Glad you aren't having problems and orchids doing well, I don't have an opinion on these as I've never used them. I was only pointing out that this has been discussed before and what was said.

With regard to the glass beads idea, I suppose these would be like Leca but wouldn't wick up at all, more like vase growing than s/h
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Old 09-21-2012, 08:31 AM
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Quote:
Originally Posted by supersoprano View Post
I really can't see any reason why, if it is safe, you wouldn't want to grow orchids like this...

I see that you're mostly growing phals, right? If that's the case then yes, phals are not as picky or fussy about their roots being disturbed. However, there are other orchids that if you're removing them from their pots and moving them around every six months or so...there's a strong chance you may never see blooms. It's not across the board but there are many orchids that I can guarantee you would not appreciate this method.

Now, with that said...if you're enjoying it and your orchids are doing great then by all means have fun with it. Like I said, it's probably very artistic looking and very pretty and I too would really like to see pics. But, no, personally, it would not be a method that I would choose for growing my orchids. But, I do wish you the best w/it.

Please do post those pics and I hope you'll also keep us posted on the progress. While I would not grow in the medium...I still find it interesting.
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Old 09-25-2012, 03:43 AM
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Wink Pics as promised...

Right - here's one of mine; the one with keikis on it. It was upstairs and my Mum had forgotten about it, so the beads had dehydrated a lot, and the lower leaves are a bit leathery. But that is after two months, and us being on holiday. The lower leaves used to be just like the top - lush and shiny! I'm sure they will be again, so it's just a wait and see now. I washed and hydrated the beads in the vase overnight and just put the orchid in a glass with a little water at the bottom to evaporate. This morning I just filled the vase up with the hydrated beads, put the orchid in at the right depth, and then put the remaining beads in over the top of the roots, leaving enough for them to breath without being submerged... I'll keep going with this and check back every now and again to report!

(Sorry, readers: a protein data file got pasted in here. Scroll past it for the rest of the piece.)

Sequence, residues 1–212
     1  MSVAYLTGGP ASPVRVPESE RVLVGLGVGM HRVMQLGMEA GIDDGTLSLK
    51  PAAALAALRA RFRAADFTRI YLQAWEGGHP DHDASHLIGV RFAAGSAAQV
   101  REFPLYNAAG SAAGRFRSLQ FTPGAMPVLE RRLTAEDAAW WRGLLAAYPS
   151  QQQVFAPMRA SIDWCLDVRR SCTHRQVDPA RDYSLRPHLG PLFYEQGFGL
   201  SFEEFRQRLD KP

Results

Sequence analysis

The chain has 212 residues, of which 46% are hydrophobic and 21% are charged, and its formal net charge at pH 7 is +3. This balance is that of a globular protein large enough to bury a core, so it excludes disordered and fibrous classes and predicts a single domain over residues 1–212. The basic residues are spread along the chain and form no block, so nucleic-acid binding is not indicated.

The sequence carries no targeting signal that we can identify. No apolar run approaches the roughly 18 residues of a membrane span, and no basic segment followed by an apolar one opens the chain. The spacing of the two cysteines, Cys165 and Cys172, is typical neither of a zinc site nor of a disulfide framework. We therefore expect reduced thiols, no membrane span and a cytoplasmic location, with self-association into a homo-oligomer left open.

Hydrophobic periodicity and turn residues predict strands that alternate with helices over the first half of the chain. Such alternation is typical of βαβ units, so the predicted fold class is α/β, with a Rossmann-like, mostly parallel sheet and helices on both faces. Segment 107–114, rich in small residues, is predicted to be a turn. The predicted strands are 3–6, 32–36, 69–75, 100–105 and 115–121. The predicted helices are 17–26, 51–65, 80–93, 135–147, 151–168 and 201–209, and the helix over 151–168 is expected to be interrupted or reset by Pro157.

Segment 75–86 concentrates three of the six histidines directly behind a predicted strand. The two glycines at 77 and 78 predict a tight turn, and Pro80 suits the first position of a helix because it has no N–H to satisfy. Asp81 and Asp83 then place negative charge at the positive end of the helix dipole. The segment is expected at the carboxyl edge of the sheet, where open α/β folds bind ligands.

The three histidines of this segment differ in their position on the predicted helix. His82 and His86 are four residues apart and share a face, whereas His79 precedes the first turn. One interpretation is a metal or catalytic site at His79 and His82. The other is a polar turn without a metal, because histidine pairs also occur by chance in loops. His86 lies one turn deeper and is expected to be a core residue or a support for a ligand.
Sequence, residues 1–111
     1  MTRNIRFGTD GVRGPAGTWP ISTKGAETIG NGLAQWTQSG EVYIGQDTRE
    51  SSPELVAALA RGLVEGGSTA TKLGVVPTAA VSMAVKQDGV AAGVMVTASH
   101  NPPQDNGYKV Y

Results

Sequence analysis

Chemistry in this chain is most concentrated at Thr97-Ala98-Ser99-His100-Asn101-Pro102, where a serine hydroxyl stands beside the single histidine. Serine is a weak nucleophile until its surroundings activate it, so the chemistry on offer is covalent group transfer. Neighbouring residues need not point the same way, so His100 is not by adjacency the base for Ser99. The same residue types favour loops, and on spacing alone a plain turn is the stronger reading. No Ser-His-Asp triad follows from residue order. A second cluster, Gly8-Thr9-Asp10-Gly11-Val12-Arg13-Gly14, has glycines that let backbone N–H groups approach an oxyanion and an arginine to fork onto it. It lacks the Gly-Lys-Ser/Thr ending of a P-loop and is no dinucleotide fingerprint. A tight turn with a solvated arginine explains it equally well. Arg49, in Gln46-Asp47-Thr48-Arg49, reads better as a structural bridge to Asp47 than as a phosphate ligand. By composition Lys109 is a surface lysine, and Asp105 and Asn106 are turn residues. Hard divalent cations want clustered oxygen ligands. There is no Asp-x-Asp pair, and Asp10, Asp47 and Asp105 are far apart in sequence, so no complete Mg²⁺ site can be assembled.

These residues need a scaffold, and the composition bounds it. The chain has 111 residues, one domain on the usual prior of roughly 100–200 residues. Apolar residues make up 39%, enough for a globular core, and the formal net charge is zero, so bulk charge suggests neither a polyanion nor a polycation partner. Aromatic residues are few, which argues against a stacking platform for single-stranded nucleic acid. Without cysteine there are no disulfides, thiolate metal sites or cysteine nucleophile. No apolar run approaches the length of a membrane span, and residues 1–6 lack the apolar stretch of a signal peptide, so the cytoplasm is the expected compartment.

2012-09-25-08.01.41.jpg

2012-09-25-08.02.39.jpg
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Old 09-25-2012, 08:59 AM
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The plants look fantastic, and pretty. Well done
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Old 09-25-2012, 10:29 AM
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Very pretty....you have convinced me I have going to give it a try
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Old 09-25-2012, 10:30 AM
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I see keikis, did they started once in beads, of were they around here before?

I'm not sure it's a good idea in the mid/long term, but if no one tries, who will know?

Very nice btw
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Old 09-25-2012, 11:51 AM
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Thanks for sharing the photos! Looks very interesting indeed.

I like water gel beads..they do not stink, and easy to rehydrate.

Now I am encouraged to try it too with an orchid..got the beads here. Hmm which one would I use as my test orchid...

As I have said earlier, I also use the beads, sometimes with hydroton rocks or sometimes alone...just to share how I use mine. With an amaryllis bulb and golden pothos
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Old 09-25-2012, 02:31 PM
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Just bought clear needs. I love this idea! I hope I see similar results. Thanks so much for sharing your success with us!
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Old 09-25-2012, 04:37 PM
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Just for the record, once your leaves become wrinkly and dehydrated, they will not go back to their original smooth and shiny selves. I have to agree with Katrina, looks pretty, but not sure I would use it as a medium to grow my orchids in. There are too many orchids that need to dry out between waterings, or require a winters rest from watering, not to mention the orchids who don't like to have their roots disturbed; such as a Promenaea. Just tossing in my two cents worth.
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Old 09-25-2012, 04:54 PM
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Bottom and middle leaves look kind of dehydrated to me too - were those that way when you started? With good culture I would to expect phal leaves to exhibit this phenomena....
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Old 09-25-2012, 05:08 PM
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Those leaves are VERY dehydrated, I hope they improve a bit but they won't pick up that much.................I think I will be giving this one a miss. Nice blooms though!!!!
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Old 09-25-2012, 08:02 PM
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Well I got the beads today from Jo Anns, an a inexpensive phal from Trader Joes and this is the end result. The bowl is left over from a Beta fish that went fish heaven last year.

This is a fun project I don't expect to use water beads on any other orchid again I just wanted to have fun with the concept of using the water beads. Thanks Super soprano for brightening up my day.
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Old 09-26-2012, 01:10 AM
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I agree with Syndywindy. Too much water, especially in your fall and winter. Just my 2 cents.
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Old 11-15-2012, 10:58 PM